Immunohistochemical distribution of amyloid deposits in 25 cows diagnosed with systemic AA amyloidosis.
ABSTRACT The distribution of amyloid deposits was histopathologically and immunohistochemically examined in 25 cows aged 5 to 10 years that had been diagnosed with systemic AA amyloidosis. This examination revealed that amyloid deposits were also present in the hypophysis, ovary, uterus, mammary gland and skeletal muscle, in addition to the liver, kidney, spleen, pancreas, thyroid gland, adrenal gland, gastrointestinal mucosa, heart, lung and lymph nodes. The examined cows tended to have chronic inflammations, including chronic mastitis (six cases) or chronic pneumonia (four cases), which is thought of as a causative agent of AA amyloidosis. In contrast, five cases did not exhibit any chronic inflammation.
- SourceAvailable from: pnas.org[show abstract] [hide abstract]
ABSTRACT: The generation of amyloid fibrils from an amyloidogenic polypeptide occurs by a nucleation-dependent process initiated in vitro by seeding the protein solution with preformed fibrils. This phenomenon is evidenced in vivo by the fact that amyloid protein A (AA) amyloidosis in mice is markedly accelerated when the animals are given, in addition to an inflammatory stimulus, an i.v. injection of protein extracted from AA amyloid-laden mouse tissue. Heretofore, the chemical nature of this "amyloid enhancing factor" (AEF) has not been definitively identified. Here we report that the active principle of AEF extracted from the spleen of mice with silver nitrate-induced AA amyloidosis was identified unequivocally as the AA fibril itself. Further, we demonstrated that this material was extremely potent, being active in doses <1 ng, and that it retained its biologic activity over a considerable length of time. Notably, the AEF was also effective when administered orally. Our studies have provided evidence that AA and perhaps other forms of amyloidosis are transmissible diseases, akin to the prion-associated disorders.Proceedings of the National Academy of Sciences 06/2002; 99(10):6979-84. · 9.74 Impact Factor
- [show abstract] [hide abstract]
ABSTRACT: Serum amyloid A (SAA) is an acute phase protein that in the blood is bound to high density lipoproteins; SAA is secreted mainly by hepatocytes, and its concentration increases in the blood up to 1000 times during an inflammatory response. At present, its biological function is unclear. Since some forms of secondary amyloidosis are caused by deposition in tissues of peptides derived from the SAA and leukocytes seem to be involved in this process, we investigated the effect of human SAA on human monocytes and polymorphonuclear cells (PMN). When recombinant human SAA (rSAA) was used at concentrations corresponding to those found during the acute phase (> 0.8 microM), it induced directional migration of monocytes and polymorphonuclear leukocytes. Preincubation of rSAA with high density lipoproteins blocked this chemoattractant activity for both monocytes and PMN. rSAA also regulated the expression of the adhesion proteins CD11b and leukocyte cell adhesion molecule 1 and induced the adhesion of PMN and monocytes to umbilical cord vein endothelial cell monolayers. When subcutaneously injected into mice, rSAA recruited PMN and monocytes at the injection site. On the basis of these data, we suggest that SAA may participate in enhancing the migration of monocytes and PMN to inflamed tissues during an acute phase response.Journal of Experimental Medicine 07/1994; 180(1):203-9. · 13.21 Impact Factor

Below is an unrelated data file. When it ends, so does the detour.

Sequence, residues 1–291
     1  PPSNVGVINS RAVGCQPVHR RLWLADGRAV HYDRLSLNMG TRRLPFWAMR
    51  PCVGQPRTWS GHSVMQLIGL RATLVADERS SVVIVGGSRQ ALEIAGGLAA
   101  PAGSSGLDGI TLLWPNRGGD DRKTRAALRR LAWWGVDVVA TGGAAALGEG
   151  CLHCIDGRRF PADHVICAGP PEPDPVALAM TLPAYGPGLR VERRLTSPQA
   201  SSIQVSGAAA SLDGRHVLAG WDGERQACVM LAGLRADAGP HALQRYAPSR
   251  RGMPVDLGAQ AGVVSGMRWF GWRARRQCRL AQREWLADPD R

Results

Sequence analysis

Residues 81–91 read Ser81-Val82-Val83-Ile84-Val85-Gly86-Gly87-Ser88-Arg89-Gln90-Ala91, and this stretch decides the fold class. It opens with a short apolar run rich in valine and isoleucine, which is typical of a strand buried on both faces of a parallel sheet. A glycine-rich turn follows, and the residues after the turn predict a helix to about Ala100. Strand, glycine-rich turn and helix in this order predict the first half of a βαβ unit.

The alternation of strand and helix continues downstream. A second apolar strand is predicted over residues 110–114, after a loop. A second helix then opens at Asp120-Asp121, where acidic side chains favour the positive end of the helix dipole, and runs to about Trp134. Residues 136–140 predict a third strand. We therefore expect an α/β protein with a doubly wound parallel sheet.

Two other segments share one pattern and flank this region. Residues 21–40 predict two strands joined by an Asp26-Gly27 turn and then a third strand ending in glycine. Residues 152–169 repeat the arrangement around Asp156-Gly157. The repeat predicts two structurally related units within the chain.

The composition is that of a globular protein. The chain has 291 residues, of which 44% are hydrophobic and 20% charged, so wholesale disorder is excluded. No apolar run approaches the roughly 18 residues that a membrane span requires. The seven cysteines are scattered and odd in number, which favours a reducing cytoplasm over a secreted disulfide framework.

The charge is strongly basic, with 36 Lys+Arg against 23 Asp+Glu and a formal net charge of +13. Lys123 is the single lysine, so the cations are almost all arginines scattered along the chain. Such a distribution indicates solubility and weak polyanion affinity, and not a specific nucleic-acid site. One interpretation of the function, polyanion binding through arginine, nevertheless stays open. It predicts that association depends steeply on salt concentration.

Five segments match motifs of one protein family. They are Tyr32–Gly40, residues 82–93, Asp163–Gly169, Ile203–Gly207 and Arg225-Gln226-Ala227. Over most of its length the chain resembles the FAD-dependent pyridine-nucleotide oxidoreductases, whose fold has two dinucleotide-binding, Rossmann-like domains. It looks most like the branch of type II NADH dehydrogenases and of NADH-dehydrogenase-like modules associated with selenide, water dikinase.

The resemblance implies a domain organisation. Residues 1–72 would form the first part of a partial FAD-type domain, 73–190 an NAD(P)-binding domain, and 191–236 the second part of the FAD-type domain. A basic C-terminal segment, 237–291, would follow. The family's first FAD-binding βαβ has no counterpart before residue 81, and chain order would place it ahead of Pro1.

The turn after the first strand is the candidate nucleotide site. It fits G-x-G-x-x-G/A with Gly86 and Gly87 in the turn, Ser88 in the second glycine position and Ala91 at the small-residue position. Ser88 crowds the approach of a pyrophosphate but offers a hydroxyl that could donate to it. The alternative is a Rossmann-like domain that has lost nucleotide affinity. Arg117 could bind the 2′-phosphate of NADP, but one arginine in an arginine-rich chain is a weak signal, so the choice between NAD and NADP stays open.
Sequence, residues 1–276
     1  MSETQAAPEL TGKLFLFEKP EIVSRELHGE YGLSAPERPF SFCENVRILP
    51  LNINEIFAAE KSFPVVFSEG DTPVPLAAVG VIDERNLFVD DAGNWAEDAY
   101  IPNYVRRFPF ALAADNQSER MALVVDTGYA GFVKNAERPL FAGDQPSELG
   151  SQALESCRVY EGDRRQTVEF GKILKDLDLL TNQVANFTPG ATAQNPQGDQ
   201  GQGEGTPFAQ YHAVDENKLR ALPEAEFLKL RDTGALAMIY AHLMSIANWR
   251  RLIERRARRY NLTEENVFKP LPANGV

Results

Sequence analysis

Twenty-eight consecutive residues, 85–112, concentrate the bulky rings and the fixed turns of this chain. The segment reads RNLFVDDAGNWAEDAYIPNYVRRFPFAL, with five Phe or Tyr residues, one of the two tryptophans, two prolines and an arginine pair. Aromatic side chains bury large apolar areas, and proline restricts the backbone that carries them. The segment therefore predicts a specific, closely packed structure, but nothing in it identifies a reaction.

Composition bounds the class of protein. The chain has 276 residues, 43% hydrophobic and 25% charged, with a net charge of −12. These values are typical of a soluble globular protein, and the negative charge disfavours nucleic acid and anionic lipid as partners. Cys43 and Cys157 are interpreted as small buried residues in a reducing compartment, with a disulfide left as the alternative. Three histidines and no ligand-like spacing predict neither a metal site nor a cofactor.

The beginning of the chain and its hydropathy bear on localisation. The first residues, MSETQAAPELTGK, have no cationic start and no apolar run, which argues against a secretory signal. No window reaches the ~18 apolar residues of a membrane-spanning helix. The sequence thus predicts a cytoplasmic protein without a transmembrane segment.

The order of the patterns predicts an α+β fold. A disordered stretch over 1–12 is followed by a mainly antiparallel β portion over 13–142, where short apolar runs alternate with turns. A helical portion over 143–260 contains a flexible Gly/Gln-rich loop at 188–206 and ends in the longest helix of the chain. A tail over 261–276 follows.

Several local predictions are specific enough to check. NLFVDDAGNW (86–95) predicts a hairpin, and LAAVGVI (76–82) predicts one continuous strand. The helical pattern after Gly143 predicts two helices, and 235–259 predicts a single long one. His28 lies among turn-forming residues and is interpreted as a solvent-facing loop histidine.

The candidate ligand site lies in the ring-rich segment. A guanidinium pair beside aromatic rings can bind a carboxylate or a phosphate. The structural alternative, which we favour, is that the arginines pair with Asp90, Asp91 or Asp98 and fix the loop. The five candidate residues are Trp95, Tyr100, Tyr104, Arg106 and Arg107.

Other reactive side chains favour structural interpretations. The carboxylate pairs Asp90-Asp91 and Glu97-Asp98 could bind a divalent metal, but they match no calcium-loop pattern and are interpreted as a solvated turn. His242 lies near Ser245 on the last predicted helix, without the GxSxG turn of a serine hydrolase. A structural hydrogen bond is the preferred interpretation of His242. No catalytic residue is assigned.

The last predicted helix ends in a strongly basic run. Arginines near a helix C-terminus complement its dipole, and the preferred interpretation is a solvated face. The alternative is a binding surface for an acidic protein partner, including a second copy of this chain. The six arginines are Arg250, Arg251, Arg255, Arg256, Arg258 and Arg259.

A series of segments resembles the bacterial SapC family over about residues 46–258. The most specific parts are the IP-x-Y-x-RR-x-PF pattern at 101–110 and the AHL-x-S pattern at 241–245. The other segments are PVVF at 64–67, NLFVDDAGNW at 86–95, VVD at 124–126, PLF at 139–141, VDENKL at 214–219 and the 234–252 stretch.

- [show abstract] [hide abstract]
ABSTRACT: We herein report that experimental murine amyloid A (AA) deposition is accelerated by oral administration of semipurified amyloid fibrils extracted from different species. Three groups of mice were treated with semipurified murine AA amyloid fibrils, semipurified bovine AA amyloid fibrils or semipurified human light chain-derived (A(lambda)) amyloid fibrils for 10 days. After 3 weeks, each mouse was subjected to inflammatory stimulation by subcutaneous injection with a mixture of complete Freund's adjuvant supplemented with Mycobacterium butyricum. The mice were killed on the third day after the inflammatory stimulation, and the spleen, liver, kidney and gastrointestinal tract were examined for amyloid deposits. Amyloid deposits were detected in 14 out of 15 mice treated with murine AA amyloid fibrils, 12 out of 15 mice treated with bovine AA amyloid fibrils and 11 out of 15 mice treated with human A(lambda) amyloid fibrils. No amyloid deposits were detected in control mice receiving the inflammatory stimulant alone or in amyloid fibril-treated mice without inflammatory stimulation. Our results suggest that AA amyloid deposition is accelerated by oral administration of semipurified amyloid fibrils when there is a concurrent inflammatory stimulation.Pathology International 02/2002; 52(1):40-5. · 1.72 Impact Factor